14. A coupling system for coupling a treatment cartridge to a filter apparatus manifold, the manifold having a flow inlet and a flow outlet, the filter apparatus manifold and the treatment cartridge comprising a filter apparatus when the treatment cartridge is brought into operable engagement with the filter apparatus manifold, comprising:
inlet/outlet means being a two stage recess, the recess having a first cylindrical stage having a first stage diameter and having a first end and an opposed second end, an opening being defined at a first end thereof, the recess further having a second substantially cylindrical stage being concentric with the first cylindrical stage and having a second stage diameter and having a first end and an opposed second end, the second stage diameter being less than the first stage diameter and having a first end operably coupled to the second end of the first cylindrical stage by a connecting wall and having an opening being defined at the second end thereof, the first cylindrical stage being in flow communication with the flow channel by at least one inlet port being defined between said first cylindrical stage and said flow channel and the second cylindrical stage being fluidly communicable with the treatment cartridge, at least two shoulder flanges being radially disposed with respect to the inlet/outlet means, the shoulder flanges having a tapered leading edge, the first cylindrical stage presenting a first mating surface for mating with the filter apparatus manifold and the second substantially cylindrical stage presenting a second mating surface for mating with the filter apparatus manifold, the first and second mating surfaces being substantially continuous and free of interruption by fluid seals.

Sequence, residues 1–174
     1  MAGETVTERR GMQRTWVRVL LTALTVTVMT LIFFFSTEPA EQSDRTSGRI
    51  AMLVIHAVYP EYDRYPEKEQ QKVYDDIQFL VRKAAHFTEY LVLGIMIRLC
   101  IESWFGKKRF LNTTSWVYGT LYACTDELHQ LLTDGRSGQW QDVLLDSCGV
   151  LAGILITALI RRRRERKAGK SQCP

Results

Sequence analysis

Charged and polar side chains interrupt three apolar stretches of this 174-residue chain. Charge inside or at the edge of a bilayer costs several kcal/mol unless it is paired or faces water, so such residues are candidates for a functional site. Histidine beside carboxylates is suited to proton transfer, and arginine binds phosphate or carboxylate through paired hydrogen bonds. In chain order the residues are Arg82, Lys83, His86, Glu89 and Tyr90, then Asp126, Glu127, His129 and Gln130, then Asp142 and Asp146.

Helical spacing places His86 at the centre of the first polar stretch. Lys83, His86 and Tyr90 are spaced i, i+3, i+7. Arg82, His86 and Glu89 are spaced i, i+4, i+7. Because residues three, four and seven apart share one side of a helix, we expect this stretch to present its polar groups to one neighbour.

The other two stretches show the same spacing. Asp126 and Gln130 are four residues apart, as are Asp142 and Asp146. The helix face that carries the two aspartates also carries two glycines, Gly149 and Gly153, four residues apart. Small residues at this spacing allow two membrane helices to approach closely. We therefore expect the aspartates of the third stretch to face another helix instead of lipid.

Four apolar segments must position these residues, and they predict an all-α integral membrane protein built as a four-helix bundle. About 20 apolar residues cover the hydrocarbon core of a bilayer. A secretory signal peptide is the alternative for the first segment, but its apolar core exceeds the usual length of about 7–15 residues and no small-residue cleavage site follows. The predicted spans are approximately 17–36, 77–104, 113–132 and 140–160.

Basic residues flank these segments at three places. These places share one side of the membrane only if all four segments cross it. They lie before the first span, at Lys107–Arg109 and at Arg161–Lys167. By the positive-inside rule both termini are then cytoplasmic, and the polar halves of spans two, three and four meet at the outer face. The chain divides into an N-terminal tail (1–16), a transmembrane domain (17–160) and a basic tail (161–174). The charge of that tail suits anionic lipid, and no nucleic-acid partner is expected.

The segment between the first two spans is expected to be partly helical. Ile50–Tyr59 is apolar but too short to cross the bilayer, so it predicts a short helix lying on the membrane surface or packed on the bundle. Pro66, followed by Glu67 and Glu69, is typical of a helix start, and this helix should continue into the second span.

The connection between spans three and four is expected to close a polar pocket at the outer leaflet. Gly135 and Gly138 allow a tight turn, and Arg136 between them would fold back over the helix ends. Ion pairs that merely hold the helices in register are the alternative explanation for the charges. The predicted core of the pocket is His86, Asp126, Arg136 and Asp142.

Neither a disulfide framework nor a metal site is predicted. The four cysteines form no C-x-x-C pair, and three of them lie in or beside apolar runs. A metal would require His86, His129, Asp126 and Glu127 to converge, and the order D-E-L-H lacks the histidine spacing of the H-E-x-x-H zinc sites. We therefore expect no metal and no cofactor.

15. The coupling system of claim 14 wherein the inlet/outlet means includes a flow inlet and a flow outlet, the flow inlet being at least one bore intersecting the recess first cylindrical stage and depending therefrom to define a depending flow passageway, the flow outlet being defined by the recess second cylindrical stage, the recess second cylindrical stage forming a flow passageway fluidly communicable with the treatment cartridge.